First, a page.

It is the department governments want. While the pace of reorganisation, new policy, hirings and firings, and other changes has clearly increased under Labour (in line with the budget), the trends that produced this department are hardly unique to the Blair government.
The DoH as it is today is a function of many decisions by governments since 1983: to focus on managing the NHS from the centre; decisions to avoid traditional civil servants; decisions to listen to special advisers (often ones based outside the DoH, in Treasury or Number 10) despite - or because - they lack the policy skills of the Whitehall machine; decisions to listen to big consultancy firms for the same reasons; decisions to opt for a department of the English NHS rather than a department focused on wider health issues; and above all decisions to reorganise the NHS and the department incessantly - decisions that over time would weed out those who would object.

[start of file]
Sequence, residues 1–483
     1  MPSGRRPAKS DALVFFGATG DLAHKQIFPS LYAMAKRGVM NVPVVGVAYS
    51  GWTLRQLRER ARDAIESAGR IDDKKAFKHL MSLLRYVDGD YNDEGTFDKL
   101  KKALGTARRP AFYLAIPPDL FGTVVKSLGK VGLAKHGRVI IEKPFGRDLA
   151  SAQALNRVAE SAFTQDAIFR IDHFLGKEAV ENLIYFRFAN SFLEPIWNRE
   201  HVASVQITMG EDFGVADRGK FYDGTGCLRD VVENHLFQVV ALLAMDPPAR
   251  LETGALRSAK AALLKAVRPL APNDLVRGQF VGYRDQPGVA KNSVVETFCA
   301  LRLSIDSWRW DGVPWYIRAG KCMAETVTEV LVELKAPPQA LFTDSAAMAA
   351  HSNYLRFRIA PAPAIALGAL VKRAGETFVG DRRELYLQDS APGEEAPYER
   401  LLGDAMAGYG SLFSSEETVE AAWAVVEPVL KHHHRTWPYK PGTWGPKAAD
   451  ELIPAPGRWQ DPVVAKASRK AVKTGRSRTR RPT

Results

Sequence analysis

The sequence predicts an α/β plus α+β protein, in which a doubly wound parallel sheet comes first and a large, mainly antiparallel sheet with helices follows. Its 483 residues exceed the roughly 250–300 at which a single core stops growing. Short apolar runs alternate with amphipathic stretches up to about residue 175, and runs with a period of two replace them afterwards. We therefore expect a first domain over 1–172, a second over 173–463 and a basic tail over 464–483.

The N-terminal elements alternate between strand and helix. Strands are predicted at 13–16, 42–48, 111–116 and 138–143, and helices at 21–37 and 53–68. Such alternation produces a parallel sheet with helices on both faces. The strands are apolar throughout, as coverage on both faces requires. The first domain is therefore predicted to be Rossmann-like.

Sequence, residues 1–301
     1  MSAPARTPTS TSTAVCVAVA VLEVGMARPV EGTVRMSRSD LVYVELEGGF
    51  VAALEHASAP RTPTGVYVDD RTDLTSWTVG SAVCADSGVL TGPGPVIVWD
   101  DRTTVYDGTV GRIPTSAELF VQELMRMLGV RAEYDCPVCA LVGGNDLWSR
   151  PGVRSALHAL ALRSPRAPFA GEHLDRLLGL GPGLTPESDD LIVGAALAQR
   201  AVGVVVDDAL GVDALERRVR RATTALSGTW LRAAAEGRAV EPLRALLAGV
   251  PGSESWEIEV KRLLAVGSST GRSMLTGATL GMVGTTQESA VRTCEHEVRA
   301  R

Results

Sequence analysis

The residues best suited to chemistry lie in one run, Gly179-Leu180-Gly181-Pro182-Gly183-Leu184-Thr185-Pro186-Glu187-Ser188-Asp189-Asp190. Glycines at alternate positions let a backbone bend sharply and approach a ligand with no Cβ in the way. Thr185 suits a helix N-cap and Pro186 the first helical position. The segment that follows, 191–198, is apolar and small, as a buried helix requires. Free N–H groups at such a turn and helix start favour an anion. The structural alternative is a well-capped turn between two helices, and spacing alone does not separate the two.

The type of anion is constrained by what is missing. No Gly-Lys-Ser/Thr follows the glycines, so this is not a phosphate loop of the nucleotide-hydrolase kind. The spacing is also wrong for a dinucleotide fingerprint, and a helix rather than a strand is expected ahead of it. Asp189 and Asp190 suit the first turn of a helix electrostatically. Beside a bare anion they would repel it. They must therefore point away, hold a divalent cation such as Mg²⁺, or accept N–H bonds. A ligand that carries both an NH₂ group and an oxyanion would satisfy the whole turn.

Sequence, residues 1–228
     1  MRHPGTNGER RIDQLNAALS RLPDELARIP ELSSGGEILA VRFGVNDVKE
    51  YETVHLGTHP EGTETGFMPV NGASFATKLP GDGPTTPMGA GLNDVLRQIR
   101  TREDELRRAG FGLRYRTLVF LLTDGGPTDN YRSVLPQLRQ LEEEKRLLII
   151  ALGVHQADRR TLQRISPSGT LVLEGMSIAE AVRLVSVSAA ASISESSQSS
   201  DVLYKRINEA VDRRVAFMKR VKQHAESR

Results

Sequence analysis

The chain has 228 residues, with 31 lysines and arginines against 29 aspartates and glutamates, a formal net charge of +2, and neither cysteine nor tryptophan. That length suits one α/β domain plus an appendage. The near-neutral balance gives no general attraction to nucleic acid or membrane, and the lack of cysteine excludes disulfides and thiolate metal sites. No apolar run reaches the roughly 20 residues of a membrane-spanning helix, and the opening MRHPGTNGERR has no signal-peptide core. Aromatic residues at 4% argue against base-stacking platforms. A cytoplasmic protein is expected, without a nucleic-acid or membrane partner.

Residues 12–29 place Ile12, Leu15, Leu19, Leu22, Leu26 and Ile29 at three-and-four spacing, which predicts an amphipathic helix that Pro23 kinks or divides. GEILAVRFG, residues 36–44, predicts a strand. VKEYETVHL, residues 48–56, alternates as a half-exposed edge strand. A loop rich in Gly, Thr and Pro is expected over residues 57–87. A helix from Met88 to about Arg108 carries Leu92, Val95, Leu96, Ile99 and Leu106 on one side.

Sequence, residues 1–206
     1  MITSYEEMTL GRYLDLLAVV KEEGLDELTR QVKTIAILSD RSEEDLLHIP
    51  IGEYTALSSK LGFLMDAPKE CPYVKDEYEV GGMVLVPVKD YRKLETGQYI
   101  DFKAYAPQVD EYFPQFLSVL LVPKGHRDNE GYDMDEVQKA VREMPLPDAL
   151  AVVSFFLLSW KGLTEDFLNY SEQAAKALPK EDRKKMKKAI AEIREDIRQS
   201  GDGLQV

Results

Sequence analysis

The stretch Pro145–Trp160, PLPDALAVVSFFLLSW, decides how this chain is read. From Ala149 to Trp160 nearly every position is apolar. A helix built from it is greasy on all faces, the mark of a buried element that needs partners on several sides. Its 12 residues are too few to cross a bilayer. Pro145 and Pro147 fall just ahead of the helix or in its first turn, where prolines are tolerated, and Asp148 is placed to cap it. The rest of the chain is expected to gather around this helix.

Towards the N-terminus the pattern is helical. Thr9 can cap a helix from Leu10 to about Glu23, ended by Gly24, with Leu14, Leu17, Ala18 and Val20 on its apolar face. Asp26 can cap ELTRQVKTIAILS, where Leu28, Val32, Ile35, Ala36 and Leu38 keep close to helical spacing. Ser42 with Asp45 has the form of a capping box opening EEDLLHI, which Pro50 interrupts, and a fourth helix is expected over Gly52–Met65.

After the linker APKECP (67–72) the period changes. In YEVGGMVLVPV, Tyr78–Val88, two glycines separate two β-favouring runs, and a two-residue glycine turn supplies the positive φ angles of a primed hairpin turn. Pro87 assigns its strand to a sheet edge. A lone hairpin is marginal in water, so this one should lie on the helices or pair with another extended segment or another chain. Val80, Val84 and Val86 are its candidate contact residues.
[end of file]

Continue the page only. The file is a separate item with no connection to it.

There is no way that Labour could have created this department, so far from the civil service norm, if it were not for Conservative policies, the creation of a managerial cadre that could be hired to staff the DoH, and both parties' lack of trust in public management. In other words, the DoH's 'decide and do' culture was a successful forced implant by politicians who often have good electoral reasons to prefer fast, impressive action even if it is reckless and contradictory.